Boris Johnson Takes Personal Control of Preparations for No Deal Brexit, Reports Say



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Negotiations on a free trade agreement are continuing between London and Brussels, however, both sides have said that common ground on the core issues hasn’t been found yet.

British Prime Minister Boris Johnson has taken personal supervision of preparing the country for a no-deal Brexit as the deadline for striking the free trade agreement expires on Sunday, the Daily Mail reported.

By that move, Johnson wants to secure vital food supplies and medication after January 1, the report says. The prime minister will allegedly chair a new “super-committee” to control the existing No Deal preparation group, headed by Michael Gove.

According to The Sunday Times, British ministers have already warned supermarkets to stockpile food amid possible shortages as talks with the European Union remain deadlocked.

In addition, government sources have pointed out that the chances of a no-deal outcome rose to 80 percent, according to the Daily Mail. They have also blamed German Chancellor Angela Merkel for Brussels’ intransigence, claiming that she intended “to make Britain crawl across broken glass” rather than reach a consensus.

“As things stand, the offer on the table from the EU remains unacceptable. The Prime Minister will leave no stone unturned in this process, but he is absolutely clear: any agreement must be fair and respect the fundamental position that the UK will be a sovereign nation in three weeks’ time. If they want a deal, it has to be now,” a source said.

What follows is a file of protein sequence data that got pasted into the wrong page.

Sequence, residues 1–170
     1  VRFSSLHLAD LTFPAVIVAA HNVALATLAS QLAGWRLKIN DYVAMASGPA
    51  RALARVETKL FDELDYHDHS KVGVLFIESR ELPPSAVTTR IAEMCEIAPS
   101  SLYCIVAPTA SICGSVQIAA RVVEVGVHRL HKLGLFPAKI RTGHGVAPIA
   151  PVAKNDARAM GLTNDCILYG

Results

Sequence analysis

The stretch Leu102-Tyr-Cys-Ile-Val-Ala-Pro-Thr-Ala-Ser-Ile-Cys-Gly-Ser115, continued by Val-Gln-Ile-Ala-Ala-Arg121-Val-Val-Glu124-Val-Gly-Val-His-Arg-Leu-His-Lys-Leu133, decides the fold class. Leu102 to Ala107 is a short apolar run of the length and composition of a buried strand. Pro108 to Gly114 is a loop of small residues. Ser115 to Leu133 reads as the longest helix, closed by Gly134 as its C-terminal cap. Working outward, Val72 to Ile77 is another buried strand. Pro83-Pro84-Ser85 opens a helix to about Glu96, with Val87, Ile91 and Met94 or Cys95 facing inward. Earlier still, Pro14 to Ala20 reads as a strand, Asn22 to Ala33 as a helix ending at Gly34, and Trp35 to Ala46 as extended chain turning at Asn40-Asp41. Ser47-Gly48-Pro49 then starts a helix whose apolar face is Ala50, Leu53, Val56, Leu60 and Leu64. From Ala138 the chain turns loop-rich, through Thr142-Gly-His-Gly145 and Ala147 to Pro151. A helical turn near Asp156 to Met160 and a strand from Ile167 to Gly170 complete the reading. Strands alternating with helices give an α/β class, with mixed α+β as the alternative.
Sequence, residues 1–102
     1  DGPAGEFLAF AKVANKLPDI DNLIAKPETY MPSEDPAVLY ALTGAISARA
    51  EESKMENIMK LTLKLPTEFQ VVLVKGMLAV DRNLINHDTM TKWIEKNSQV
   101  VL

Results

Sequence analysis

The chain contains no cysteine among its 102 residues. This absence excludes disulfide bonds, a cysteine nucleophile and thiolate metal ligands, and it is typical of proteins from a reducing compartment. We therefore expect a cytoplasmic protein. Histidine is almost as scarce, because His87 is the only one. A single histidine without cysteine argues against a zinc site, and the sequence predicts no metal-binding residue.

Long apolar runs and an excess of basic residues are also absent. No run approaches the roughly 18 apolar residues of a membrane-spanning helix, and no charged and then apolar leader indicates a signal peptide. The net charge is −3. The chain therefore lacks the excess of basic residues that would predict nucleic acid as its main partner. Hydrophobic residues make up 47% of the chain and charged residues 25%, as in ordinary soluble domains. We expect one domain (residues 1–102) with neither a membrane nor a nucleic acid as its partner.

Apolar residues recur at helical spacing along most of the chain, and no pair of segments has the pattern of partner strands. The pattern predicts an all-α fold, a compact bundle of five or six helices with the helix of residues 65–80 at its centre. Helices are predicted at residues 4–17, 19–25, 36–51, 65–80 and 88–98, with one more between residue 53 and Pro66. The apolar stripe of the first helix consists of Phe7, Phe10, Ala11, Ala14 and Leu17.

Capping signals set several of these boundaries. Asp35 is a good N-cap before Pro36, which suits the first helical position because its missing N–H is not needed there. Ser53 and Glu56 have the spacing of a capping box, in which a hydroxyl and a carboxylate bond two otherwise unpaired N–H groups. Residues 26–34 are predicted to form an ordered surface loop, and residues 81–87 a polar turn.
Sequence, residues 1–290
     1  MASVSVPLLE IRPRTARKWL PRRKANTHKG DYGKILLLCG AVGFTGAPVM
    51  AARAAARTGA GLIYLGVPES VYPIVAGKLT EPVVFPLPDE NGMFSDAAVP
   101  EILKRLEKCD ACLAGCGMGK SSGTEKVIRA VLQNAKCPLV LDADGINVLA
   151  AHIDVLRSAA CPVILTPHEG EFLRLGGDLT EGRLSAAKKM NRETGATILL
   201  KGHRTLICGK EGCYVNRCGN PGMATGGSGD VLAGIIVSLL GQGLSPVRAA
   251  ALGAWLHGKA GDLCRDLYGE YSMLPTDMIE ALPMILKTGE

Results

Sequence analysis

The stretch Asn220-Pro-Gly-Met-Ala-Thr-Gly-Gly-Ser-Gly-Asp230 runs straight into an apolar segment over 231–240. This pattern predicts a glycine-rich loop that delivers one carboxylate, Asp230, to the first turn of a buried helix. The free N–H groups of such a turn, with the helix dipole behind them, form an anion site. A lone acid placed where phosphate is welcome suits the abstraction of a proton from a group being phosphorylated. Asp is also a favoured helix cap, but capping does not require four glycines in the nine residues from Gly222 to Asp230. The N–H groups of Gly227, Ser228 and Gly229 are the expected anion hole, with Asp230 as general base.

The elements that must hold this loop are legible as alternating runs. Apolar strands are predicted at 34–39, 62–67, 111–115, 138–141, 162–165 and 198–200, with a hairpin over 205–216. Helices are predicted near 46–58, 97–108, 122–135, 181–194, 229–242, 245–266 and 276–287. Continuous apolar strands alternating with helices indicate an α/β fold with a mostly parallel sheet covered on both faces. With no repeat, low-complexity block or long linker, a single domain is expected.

On Saturday, Johnson continued talks with European Commission President Ursula von der Leyen, after which both have admitted that a no-deal scenario is more likely.

Among the most contentious issues is the level of access to British fishing grounds given to EU vessels and trade regulations. Without a deal border, checks and taxes will be introduced for goods traveling between the UK and the EU after 1 January.

Britain officially left the European Union in January 2020. The Withdrawal Agreement, signed on 31 January, includes a one-year transition period that allows Britain to operate as a member of the Union. A post-divorce free trade agreement was expected to preserve some of the privileges in trade and commercial relations between London and Brussels.





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